Tower of Terror Construction

Construction of the Tower of Terror

When Hollywood Studios opened as MGM Studios, Sunset Boulevard did not exist. It was the first expansion of the park, opening in 1994. The featured attraction of this expansion was the Tower of Terror as Rock ‘ n’ Rollercoaster did not open until 1999.

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The Hollywood Tower Hotel is by far one of the most impressive buildings on Disney property. The details in the gardens, the building itself, and the ride mechanism took years of construction and planning. Read below to learn more about the creation and construction of the Tower of Terror!

The Planning

Imagineers had many ideas they through on the table for the new section of the park. One early and prominent idea was a “Castle Young Frankenstein” attraction, complete with Bavarian village and drawbridge leading to the castle. This idea later became the “Mel Brooks’ Hollywood Horror Hotel”. Early in the park’s development, Imagineer Bob Weiss had pursued the idea of an art-deco high end 1930’s-style hotel near the park’s entrance. Mel Brooks left the project, but the idea of a spooky hotel had stuck. Disney’s team looked at available movie and TV licenses and found a perfect match: The Twilight Zone.

Early concept art of the Tower of Terror

Early concept art of the Tower of Terror, Courtesy of Towerofterror.org

The Story

The fictional Hollywood Tower Hotel is set in the realm of Rod Serling’s Twilight Zone. The seven-story hotel was built in 1917 and featured a striking view of the famous Hollywood sign in Hollywood Hills. It was an upscale 1930s hotel with bold geometric shapes, and a slightly Southwestern inspired design. The top floor of the hotel housed the Tip-Top Lounge. On October 1st, 1939, the hotel was tragically struck by lightning causing a guest elevator, part of the structure, and several guests to mysteriously vanish. Today, the hotel looks just like it did on that fateful night the hotel closed its doors. Luggage is still on the rolling carts, mail is in room slots, and an unfinished card game rests on a table in the lobby.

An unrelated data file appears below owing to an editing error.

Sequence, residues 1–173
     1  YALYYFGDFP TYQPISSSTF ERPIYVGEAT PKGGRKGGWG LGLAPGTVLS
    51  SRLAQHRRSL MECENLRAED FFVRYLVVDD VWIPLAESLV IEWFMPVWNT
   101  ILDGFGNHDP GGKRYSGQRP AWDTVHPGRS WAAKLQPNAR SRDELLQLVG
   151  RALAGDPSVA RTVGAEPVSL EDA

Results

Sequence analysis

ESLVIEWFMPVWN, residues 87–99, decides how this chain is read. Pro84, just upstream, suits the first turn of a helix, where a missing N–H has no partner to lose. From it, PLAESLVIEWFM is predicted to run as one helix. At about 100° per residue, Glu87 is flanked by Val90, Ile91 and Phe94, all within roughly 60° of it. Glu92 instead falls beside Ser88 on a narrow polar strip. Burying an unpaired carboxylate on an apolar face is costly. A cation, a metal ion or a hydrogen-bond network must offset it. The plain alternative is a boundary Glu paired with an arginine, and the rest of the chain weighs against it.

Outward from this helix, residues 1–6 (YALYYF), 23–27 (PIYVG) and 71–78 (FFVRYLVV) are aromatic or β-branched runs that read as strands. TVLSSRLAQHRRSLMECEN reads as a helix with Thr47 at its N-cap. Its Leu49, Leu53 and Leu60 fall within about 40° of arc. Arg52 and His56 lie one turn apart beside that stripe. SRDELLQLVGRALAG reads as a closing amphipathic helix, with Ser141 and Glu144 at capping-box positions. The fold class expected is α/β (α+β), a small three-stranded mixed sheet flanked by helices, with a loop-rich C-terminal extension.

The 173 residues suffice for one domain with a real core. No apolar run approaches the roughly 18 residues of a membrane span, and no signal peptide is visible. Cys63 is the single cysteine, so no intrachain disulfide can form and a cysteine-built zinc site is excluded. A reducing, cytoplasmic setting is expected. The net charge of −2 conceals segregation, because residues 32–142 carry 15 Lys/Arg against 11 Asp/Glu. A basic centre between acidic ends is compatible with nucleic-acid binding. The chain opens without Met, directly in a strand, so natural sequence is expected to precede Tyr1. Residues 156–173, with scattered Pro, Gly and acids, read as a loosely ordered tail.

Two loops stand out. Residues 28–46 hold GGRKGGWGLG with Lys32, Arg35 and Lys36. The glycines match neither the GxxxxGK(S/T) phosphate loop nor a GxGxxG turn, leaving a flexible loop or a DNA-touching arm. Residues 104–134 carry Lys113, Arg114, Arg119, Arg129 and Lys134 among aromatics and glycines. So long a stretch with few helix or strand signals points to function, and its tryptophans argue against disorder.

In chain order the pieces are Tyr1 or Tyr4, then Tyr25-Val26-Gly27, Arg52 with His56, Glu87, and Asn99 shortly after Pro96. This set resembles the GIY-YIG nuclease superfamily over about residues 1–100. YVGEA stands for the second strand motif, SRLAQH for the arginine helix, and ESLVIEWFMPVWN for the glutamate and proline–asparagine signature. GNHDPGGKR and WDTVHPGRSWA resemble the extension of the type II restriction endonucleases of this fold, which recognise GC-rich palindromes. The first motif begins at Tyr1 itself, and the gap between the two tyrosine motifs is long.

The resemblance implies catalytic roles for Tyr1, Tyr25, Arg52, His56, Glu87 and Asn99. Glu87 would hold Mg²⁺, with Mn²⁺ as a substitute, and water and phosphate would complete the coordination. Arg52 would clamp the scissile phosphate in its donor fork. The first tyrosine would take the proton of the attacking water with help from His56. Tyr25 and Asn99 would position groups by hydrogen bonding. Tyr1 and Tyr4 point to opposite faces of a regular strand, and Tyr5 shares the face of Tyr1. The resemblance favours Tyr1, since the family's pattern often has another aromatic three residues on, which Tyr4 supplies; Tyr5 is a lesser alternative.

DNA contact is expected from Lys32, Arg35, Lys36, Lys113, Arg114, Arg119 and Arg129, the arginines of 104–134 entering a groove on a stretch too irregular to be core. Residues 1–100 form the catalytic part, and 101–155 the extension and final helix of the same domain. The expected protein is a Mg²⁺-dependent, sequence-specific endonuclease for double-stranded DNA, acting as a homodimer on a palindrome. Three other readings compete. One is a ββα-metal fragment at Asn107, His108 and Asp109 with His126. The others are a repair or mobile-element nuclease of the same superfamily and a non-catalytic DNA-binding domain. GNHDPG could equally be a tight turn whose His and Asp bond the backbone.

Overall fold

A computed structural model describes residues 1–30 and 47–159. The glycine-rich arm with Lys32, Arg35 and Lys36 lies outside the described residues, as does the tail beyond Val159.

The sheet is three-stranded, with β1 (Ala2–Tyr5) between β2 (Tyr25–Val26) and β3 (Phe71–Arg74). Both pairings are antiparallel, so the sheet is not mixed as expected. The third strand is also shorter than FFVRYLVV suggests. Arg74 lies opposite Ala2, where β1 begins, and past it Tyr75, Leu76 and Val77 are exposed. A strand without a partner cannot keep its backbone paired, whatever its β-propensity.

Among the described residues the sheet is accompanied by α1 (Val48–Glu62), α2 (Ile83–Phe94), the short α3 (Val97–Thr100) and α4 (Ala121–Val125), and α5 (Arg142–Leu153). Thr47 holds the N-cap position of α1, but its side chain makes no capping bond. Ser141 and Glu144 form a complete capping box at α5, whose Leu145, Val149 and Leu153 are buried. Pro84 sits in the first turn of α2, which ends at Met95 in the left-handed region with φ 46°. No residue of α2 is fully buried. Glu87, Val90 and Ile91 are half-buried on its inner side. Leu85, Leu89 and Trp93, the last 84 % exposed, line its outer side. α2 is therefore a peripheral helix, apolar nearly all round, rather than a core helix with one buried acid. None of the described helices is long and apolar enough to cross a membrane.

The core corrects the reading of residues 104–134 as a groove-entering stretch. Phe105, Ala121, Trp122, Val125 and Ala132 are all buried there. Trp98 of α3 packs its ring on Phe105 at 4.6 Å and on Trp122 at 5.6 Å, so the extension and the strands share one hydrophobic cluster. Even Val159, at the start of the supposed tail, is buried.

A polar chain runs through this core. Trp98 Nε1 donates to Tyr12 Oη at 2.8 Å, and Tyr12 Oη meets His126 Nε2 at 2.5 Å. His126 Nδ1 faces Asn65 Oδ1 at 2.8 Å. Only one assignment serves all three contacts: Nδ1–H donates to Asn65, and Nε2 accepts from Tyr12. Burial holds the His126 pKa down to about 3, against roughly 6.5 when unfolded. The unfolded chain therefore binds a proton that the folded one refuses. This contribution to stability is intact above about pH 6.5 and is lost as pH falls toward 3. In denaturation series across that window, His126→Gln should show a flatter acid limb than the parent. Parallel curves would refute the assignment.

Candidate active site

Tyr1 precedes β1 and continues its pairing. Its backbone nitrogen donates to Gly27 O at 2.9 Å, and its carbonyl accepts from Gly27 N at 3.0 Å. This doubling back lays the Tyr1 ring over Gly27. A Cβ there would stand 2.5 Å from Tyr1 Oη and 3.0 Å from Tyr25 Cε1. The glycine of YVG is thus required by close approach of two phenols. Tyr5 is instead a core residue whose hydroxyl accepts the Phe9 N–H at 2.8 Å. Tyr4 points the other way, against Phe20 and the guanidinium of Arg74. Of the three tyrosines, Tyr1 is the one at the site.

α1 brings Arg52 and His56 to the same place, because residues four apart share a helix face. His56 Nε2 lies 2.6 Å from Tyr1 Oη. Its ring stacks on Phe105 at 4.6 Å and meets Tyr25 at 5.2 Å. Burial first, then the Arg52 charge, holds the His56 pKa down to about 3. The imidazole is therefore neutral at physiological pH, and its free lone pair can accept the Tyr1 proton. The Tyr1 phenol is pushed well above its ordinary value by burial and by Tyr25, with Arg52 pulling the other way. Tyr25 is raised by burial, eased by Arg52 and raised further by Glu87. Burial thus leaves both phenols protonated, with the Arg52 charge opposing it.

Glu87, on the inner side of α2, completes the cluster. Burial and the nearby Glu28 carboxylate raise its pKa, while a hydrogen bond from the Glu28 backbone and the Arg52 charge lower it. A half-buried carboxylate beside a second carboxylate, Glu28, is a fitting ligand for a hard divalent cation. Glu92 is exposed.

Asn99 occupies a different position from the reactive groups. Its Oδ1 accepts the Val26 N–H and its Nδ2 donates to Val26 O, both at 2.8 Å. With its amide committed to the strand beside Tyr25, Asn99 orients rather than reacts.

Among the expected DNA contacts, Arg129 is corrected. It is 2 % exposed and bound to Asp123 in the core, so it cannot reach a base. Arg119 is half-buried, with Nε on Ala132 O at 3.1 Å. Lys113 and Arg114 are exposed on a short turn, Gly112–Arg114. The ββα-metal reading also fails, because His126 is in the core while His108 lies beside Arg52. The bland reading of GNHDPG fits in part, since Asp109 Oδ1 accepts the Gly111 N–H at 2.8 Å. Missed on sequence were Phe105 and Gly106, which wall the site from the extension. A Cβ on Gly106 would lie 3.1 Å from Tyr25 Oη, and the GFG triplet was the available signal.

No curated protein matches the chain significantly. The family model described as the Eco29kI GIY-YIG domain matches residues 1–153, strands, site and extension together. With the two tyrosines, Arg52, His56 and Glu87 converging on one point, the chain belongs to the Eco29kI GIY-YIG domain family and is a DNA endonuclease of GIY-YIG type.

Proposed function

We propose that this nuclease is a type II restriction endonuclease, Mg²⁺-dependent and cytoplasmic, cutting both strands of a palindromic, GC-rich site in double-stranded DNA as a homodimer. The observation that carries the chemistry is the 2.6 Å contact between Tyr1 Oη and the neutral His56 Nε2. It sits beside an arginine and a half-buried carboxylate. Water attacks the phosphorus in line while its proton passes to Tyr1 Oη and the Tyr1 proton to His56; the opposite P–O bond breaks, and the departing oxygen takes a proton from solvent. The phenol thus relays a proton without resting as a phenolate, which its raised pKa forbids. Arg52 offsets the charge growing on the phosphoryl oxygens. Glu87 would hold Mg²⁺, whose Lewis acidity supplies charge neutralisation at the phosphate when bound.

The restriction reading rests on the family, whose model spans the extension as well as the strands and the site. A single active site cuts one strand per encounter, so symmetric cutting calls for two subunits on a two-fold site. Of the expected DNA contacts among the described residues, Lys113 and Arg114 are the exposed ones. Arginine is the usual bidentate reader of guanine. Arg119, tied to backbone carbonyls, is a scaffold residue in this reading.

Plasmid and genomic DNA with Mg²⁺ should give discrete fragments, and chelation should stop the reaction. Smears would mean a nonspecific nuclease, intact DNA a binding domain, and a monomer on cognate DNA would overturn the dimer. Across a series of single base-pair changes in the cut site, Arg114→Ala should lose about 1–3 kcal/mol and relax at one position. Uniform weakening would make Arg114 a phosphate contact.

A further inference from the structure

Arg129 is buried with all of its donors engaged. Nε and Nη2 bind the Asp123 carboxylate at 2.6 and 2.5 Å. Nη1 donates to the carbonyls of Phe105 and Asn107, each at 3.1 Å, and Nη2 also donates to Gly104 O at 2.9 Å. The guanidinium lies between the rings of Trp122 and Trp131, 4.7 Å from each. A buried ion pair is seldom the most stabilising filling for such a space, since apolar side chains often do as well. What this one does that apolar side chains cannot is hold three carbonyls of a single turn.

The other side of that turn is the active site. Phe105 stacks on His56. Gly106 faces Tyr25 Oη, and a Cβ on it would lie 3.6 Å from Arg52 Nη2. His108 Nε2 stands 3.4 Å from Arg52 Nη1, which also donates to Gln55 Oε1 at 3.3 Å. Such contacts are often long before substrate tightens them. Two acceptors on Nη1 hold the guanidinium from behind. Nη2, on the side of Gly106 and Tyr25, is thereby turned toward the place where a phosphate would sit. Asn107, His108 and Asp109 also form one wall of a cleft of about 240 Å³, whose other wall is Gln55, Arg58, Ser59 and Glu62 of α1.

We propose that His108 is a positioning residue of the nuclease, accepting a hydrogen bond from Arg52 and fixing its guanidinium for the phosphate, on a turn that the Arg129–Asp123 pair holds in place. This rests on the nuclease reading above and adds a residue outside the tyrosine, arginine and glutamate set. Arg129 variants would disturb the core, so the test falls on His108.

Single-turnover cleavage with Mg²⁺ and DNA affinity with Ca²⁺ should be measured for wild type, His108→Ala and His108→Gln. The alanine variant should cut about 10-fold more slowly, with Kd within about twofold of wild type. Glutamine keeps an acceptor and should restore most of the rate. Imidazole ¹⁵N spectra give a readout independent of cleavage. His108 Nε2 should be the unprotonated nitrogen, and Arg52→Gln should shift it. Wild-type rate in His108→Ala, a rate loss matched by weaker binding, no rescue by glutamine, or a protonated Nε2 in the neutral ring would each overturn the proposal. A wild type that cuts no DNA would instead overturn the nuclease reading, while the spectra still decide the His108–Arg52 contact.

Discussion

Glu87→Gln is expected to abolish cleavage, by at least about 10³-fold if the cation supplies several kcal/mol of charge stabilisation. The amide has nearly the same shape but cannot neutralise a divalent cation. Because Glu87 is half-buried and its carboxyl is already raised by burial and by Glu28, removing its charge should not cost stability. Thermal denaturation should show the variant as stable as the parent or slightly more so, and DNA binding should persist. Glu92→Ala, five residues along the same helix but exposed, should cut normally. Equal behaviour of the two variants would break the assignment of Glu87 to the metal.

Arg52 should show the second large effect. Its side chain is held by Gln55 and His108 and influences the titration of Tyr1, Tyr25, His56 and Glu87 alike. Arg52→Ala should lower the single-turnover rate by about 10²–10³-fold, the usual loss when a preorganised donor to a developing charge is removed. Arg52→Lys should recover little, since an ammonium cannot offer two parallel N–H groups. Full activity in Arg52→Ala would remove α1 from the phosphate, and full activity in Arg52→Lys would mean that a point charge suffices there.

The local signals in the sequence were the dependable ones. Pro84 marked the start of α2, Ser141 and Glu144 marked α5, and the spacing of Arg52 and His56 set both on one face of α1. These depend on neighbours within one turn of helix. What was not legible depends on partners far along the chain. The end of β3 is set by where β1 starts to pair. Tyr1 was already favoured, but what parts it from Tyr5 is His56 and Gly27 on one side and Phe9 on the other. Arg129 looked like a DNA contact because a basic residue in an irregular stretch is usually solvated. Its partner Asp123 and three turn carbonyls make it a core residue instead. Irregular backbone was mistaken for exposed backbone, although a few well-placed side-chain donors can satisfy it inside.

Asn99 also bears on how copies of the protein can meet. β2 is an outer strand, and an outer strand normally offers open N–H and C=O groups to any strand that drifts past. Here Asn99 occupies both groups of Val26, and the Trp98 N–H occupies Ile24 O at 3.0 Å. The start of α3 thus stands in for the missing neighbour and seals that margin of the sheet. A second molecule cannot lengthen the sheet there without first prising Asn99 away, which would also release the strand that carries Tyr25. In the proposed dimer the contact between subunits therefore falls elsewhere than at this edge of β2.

Tower of Terror Concept Art

Construction

Site clearing for Sunset Boulevard and the Tower of Terror began in 1992.  A sinkhole caused the location to be shifted slightly, but did not cause major delays. It took two and a half years to complete the construction project. The building is 199 feet tall, just 1 foot below the limit where Florida requires a flashing light at the top for planes.

When the construction first began, large walls were put up blocking the future entrance of Sunset Boulevard. Guests could get a peak of the tower from the parking lot and from various areas of the park. However, Disney Imagineers took  the majority of the construction photos.

Construction of the Tower of Terror

Ride Mechanism

The Tower of Terror contains two independent tracks, and three major components: the ride vehicle (an AGV – automated guided vehicle), and two freight style elevator shafts (one for the show, and another for the drop sequence). From 1994 to 1996, there was only one big drop on the ride. This was later changed to two drops, then three, until 2003 when the drop sequences went “random”. Today, the Tower’s computer randomly selects a drop sequence from a set of four different presets. All four sequences include at least one full drop from the top to the bottom of the elevator shaft. Depending on the elevator shaft or the drop profile you get, your elevator may stop at a scene along the way – lightning, a blue ghost, the original elevator guests.

Tower of Terror Ride Mechanism

Courtesy of Martin Smith

Gallery

Scroll through the album below to see some of the best shots of the construction of the Tower.

 

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